Subsequent Musical Monday: Let's Go Crazy by Prince

Previous #1 on the Billboard Hot 100: What's Love Got to Do With It by Tina Turner
Subsequent #1 on the Billboard Hot 100: Let's Go Crazy by Prince

Previous #1 on the Cash Box Top 100: What's Love Got to Do With It by Tina Turner
Subsequent #1 on the Cash Box Top 100: Let's Go Crazy by Prince

List of #1 Singles from the Billboard Hot 100 for 1980-1989
List of #1 Singles from the Cash Box Top 100 for 1980-1989
List of #1 Singles on the U.K. Chart for 1980-1989

John Waite     1980s Project     Musical Monday     Home

Monday, June 7, 2021

Musical Monday - I Just Called to Say I Love You by Stevie Wonder


#1 on the Billboard Hot 100: October 20, 1984 through October 27, 1984.
#1 on the Cash Box Top 100: October 13, 1984 through November 3, 1984.
#1 on the U.K. Chart: September 8, 1984 through October 13, 1984.

If there is anything that demonstrates that success on the pop charts is mostly determined by the preferences of suburban moms, it is the fact that this song is Stevie Wonder's best-selling single. Wonder has had a long and prolific career, churning out musical masterpiece after musical masterpiece - Fingertips, Part II, Uptight (Everything's Alright), Superstition, Master Blaster (Jammin'), Sir Duke, and so many more. And yet, this milquetoast love ballad is the most successful song he ever wrote or recorded. To be clear, this isn't a bad song, it is just that compared to his greatest works, I Just Called to Say I Love You is just ordinary at best. It is, to be blunt, the epitome of Mom-pop.

This song was also on the soundtrack to The Woman in Red, which, once again, highlights the connection between pop music success and the movie industry. This song won an Academy Award as a result, although the movie - a mostly unfunny Gene Wilder vehicle featuring Kelly LeBrock and Gilda Radner - was simply not very good.

Previous Musical Monday: What's Love Got to Do With It by Tina Turner
Subsequent Musical Monday: Missing You by John Waite

Previous #1 on the Billboard Hot 100: Let's Go Crazy by Prince
Subsequent #1 on the Billboard Hot 100: Caribbean Queen (No More Love On the Run) by Billy Ocean

Previous #1 on the Cash Box Top 100: Let's Go Crazy by Prince
Subsequent #1 on the Cash Box Top 100: Purple Rain by Prince

Previous #1 on the U.K. Chart: Careless Whisper by George Michael
Subsequent #1 on the U.K. Chart: Freedom by Wham!

List of #1 Singles from the Billboard Hot 100 for 1980-1989
List of #1 Singles from the Cash Box Top 100 for 1980-1989
List of #1 Singles on the U.K. Chart for 1980-1989

Stevie Wonder     1980s Project     Musical Monday     Home

Monday, May 31, 2021

Musical Monday - What's Love Got to Do With It by Tina Turner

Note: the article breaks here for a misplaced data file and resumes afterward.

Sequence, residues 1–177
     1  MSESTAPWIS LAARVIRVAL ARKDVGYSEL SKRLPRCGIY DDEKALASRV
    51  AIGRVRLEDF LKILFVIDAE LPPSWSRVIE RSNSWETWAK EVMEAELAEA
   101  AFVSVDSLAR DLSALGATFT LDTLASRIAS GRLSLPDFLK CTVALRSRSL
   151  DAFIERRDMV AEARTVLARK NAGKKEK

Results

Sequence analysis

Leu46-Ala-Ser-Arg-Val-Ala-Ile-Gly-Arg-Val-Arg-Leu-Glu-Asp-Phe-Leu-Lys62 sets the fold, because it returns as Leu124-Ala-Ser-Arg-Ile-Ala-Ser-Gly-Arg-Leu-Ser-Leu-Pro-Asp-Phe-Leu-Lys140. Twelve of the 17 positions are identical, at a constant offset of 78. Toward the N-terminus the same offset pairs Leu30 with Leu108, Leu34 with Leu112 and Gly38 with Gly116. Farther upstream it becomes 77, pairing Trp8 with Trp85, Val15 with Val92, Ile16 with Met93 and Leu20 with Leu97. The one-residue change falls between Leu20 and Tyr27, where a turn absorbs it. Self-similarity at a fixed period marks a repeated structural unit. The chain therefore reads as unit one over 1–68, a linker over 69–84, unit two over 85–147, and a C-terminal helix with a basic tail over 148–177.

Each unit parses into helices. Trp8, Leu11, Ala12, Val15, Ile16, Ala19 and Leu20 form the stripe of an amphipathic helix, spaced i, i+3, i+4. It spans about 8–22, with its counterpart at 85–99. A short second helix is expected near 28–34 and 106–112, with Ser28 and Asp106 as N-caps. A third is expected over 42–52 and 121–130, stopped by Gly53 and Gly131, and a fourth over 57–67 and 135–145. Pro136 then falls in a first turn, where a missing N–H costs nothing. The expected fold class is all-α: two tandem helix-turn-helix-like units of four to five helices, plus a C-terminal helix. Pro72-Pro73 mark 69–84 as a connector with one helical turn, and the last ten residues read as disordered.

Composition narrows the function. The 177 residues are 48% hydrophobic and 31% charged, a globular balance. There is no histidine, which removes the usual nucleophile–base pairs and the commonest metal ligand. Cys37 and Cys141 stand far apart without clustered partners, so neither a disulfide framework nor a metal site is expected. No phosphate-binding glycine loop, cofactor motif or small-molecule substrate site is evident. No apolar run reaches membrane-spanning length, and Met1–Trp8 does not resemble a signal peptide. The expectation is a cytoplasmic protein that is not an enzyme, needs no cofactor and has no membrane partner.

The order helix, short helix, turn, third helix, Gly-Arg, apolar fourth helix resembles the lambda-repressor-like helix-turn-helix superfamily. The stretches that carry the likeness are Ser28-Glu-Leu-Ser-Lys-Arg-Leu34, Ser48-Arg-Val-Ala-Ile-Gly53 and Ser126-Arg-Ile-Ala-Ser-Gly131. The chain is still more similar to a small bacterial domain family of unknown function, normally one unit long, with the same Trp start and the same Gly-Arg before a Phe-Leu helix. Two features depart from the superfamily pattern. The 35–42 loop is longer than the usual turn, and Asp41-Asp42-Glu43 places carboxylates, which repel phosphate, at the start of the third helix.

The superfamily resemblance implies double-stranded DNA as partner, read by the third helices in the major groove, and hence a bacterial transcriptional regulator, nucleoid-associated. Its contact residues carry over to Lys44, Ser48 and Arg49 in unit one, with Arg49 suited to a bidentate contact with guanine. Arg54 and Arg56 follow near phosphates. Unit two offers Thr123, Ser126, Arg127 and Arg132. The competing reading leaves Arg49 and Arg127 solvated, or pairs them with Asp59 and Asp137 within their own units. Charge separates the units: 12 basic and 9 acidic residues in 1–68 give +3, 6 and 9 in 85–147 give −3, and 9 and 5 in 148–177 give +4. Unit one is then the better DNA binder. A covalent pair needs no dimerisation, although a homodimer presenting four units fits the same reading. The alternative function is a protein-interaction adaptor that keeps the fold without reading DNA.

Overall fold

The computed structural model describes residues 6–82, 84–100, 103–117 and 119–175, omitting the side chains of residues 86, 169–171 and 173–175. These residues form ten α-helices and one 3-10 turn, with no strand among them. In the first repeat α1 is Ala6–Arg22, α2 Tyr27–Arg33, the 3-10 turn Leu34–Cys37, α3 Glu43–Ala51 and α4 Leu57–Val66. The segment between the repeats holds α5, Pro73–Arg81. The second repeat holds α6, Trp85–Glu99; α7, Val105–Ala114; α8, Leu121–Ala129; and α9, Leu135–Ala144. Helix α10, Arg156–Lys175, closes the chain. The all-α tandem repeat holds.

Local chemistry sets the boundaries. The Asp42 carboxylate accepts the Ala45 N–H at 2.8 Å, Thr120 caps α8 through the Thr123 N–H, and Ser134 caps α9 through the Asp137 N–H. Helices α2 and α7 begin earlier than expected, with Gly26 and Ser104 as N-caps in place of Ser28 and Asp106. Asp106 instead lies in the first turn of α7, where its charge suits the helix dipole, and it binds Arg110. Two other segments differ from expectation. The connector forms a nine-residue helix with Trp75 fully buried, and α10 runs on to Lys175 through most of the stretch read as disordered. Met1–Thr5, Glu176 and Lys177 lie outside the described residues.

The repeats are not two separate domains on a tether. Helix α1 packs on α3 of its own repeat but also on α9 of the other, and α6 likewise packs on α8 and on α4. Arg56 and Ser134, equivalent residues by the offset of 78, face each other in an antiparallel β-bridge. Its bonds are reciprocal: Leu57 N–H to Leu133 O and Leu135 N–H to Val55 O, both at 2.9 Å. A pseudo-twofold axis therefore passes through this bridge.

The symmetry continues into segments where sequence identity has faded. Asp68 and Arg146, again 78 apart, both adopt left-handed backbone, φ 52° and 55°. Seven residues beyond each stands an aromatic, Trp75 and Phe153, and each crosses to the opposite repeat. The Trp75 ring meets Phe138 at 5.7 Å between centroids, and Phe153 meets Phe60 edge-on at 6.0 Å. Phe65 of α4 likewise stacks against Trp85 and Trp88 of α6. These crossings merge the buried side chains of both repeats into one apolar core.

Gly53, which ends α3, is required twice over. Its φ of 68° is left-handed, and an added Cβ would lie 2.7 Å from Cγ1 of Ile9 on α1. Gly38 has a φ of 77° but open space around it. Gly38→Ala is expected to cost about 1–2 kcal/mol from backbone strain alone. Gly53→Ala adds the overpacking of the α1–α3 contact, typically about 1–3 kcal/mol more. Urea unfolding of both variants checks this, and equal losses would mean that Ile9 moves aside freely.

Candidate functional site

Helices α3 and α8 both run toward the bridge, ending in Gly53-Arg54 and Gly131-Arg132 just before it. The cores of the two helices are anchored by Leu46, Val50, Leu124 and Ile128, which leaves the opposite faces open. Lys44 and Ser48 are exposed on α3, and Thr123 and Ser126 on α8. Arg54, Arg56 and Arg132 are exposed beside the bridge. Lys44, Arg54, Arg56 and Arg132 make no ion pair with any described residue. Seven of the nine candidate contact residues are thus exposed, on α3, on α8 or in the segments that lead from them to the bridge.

#1 on the Billboard Hot 100: September 1, 1984 through September 15, 1984.
#1 on the Cash Box Top 100: August 25, 1984 through September 8, 1984.
#1 on the U.K. Chart: Never.

Tina Turner reached the top of the charts for the first (and only) time at the age of 44. She had already lived an entire show business lifetime before this song came out - beginning in 1957 when she first started hitting the charts as part of the Ike and Tina Turner Revue. Her career had already peaked in the 1960s, petered out, and died before the end of the 1970s. By 1980, she was a former star. She was also estranged from Ike, who it turns out had been an abusive husband who had badly mistreated Tina for years. For most artists with Tina's career trajectory, the 1980s would have been an empty decade. She might have returned for the nostalgia circuit a decade or two later, but functionally, her career would have been over.

That's not what Tina did. Starting with the album Private Dancer, on which this song appears, she launched a second, even more successful career. Tina Turner was a bigger star after the age of 45 than she had ever been before the age of 45. Even though she was never able to fully replicate the success of What's Love Got to Do With It, she established herself as an act that could fill an arena for the rest of the 1980s and beyond. There were other artists who reivented themselves in the 1980s - Heart, David Bowie, even the Bee Gees - but none came from as far down as Tina did, and few reached similar heights.

Previous Musical Monday: Careless Whisper by George Michael
Subsequent Musical Monday: I Just Called to Say I Love You by Stevie Wonder

Previous #1 on the Billboard Hot 100: Ghostbusters by Ray Parker, Jr.
Subsequent #1 on the Billboard Hot 100: Missing You by John Waite

Previous #1 on the Cash Box Top 100: Ghostbusters by Ray Parker, Jr.
Subsequent #1 on the Cash Box Top 100: Missing You by John Waite

List of #1 Singles from the Billboard Hot 100 for 1980-1989
List of #1 Singles from the Cash Box Top 100 for 1980-1989
List of #1 Singles on the U.K. Chart for 1980-1989

Tina Turner     1980s Project     Musical Monday     Home

Monday, May 24, 2021

Musical Monday - Careless Whisper by George Michael


#1 on the Billboard Hot 100: February 16, 1985 through March 2, 1985.
#1 on the Cash Box Top 100: February 16, 1985 through March 2, 1985.
#1 on the U.K. Chart: August 18, 1984 through September 1, 1984.